plt.plot(y, x- AIG(y))
plt.xscale("log")
plt.show()

This shows the approximation error is small, and gets smaller as its argument increases.

Cantrell’s algorithm is based on an asymptotic approximation, so it’s not surprising that it improves for large arguments.

The following quote gives a good description of the value of abstract mathematics. The quote speaks specifically of “universal algebra,” but consistent with the spirit of the quote you could generalize it to other areas of mathematics, especially areas such as category theory.

Universal algebra is the study of features common to familiar algebraic systems … [It] places the algebraic notions in their proper setting; it often reveals connexions between seemingly different concepts and helps to systemize one’s thoughts. … [T]his approach does not usually solve the whole problem for us, but only tidies up a mass of rather trivial detail, allowing us to concentrate our powers on the hard core of the problem.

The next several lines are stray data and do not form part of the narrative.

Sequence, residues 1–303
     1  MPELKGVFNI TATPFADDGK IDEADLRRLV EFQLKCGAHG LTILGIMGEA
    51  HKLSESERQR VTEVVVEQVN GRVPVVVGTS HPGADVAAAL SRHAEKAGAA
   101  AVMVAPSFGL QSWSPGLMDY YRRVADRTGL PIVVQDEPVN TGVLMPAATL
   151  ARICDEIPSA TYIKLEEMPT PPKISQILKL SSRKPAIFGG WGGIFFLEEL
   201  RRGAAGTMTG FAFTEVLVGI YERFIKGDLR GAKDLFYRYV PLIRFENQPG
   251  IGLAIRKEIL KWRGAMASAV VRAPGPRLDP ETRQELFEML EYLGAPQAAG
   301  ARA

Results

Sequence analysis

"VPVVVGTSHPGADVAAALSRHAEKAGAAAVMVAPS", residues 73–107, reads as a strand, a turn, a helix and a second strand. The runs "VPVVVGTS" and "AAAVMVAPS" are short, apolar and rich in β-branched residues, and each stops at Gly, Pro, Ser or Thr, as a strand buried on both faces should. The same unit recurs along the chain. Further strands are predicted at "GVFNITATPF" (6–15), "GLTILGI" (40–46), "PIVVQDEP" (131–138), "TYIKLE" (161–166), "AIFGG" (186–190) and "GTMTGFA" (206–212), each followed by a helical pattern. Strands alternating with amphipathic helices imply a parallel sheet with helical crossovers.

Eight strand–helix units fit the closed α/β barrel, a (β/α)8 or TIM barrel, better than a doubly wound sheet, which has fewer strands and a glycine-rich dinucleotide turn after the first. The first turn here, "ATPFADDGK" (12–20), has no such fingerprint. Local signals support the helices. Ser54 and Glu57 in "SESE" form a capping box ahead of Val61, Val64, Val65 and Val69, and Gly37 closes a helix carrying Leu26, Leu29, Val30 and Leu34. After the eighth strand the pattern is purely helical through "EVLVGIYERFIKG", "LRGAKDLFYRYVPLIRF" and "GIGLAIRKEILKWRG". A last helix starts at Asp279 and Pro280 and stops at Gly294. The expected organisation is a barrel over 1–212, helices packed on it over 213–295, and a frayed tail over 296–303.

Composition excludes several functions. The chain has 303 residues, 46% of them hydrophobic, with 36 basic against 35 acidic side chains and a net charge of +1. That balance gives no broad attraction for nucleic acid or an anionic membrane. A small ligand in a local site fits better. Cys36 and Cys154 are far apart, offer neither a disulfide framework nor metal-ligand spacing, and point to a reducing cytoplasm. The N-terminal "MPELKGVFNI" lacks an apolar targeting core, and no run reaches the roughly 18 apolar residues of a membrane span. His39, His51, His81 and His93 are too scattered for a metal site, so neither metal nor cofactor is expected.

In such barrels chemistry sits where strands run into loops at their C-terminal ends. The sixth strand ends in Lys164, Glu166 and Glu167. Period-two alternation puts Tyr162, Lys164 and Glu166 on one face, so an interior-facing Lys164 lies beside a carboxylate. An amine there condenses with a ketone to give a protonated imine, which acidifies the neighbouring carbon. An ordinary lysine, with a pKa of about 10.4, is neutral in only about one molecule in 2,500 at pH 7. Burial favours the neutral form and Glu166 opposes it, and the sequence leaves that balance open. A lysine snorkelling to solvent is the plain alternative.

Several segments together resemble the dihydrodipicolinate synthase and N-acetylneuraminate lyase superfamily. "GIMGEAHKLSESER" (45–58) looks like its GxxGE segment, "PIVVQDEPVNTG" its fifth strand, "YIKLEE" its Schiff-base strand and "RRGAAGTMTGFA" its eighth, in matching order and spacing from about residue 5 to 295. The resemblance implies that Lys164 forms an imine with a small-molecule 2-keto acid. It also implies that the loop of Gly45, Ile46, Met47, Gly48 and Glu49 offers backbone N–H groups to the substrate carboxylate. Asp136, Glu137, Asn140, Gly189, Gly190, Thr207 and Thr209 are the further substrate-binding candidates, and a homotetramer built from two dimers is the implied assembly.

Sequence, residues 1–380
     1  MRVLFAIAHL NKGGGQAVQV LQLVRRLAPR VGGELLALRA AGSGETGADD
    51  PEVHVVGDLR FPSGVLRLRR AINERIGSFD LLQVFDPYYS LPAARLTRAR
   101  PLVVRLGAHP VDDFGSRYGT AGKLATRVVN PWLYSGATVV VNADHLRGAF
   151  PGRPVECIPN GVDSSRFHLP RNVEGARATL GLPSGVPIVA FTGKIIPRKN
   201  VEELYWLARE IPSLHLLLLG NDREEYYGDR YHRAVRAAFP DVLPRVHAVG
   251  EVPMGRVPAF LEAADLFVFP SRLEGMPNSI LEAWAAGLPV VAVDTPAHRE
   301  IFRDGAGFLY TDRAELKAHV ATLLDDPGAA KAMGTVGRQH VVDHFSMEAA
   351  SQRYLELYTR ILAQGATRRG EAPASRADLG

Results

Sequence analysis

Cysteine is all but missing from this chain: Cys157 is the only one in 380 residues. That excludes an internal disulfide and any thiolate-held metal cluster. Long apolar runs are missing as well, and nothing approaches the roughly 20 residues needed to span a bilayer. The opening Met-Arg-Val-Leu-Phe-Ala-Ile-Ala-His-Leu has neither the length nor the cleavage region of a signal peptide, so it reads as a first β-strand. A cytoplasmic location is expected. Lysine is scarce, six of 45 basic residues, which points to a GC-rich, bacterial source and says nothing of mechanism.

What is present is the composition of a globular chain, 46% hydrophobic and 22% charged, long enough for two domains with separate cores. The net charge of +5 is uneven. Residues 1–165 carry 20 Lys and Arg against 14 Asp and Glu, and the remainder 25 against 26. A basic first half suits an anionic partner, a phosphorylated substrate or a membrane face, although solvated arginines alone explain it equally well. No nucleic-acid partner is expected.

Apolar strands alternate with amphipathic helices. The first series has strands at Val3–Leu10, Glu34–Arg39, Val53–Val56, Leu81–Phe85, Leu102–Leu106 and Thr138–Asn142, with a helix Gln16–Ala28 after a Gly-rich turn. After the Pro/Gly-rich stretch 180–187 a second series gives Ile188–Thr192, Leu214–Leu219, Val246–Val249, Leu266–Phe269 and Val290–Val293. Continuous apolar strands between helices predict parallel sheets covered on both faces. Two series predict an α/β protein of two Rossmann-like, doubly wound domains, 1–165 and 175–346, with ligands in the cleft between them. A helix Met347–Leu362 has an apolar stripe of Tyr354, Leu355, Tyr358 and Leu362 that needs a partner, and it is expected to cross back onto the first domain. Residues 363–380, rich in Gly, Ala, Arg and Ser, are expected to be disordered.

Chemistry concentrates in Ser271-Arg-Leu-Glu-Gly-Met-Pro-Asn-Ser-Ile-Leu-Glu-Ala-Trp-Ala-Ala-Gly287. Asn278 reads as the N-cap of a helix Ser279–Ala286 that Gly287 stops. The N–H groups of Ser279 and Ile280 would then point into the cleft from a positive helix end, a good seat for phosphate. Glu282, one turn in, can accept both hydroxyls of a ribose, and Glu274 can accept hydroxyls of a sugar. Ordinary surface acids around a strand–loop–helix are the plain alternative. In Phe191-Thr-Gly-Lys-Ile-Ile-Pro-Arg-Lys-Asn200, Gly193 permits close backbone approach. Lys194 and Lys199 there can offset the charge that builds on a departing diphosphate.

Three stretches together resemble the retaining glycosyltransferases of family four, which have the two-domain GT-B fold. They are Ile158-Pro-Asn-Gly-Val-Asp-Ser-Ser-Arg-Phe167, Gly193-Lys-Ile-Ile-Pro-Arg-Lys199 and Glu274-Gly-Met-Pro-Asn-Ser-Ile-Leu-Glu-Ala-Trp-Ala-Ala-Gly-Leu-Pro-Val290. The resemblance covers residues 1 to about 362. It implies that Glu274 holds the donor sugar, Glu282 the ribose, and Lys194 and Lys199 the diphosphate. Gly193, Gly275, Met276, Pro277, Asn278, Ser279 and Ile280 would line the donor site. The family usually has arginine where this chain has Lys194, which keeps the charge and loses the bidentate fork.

Suppose you fill the components of a matrix with random values. How are the eigenvalues distributed?

We limit our attention to large, symmetric matrices. We fill the entries of the matrix on the diagonal and above the diagonal with random elements, then fill in the elements below the diagonal by symmetry.

If we choose our random values from a thin-tailed distribution, then Wigner’s semicircle law tells us what to expect from our distribution. If our matrices are large enough, then we expect the probability density of eigenvalues to be semicircular. To illustrate this, we’ll fill a matrix with samples from a standard normal distribution and compute its eigenvalues with the following Python code.

import numpy as np
import matplotlib.pyplot as plt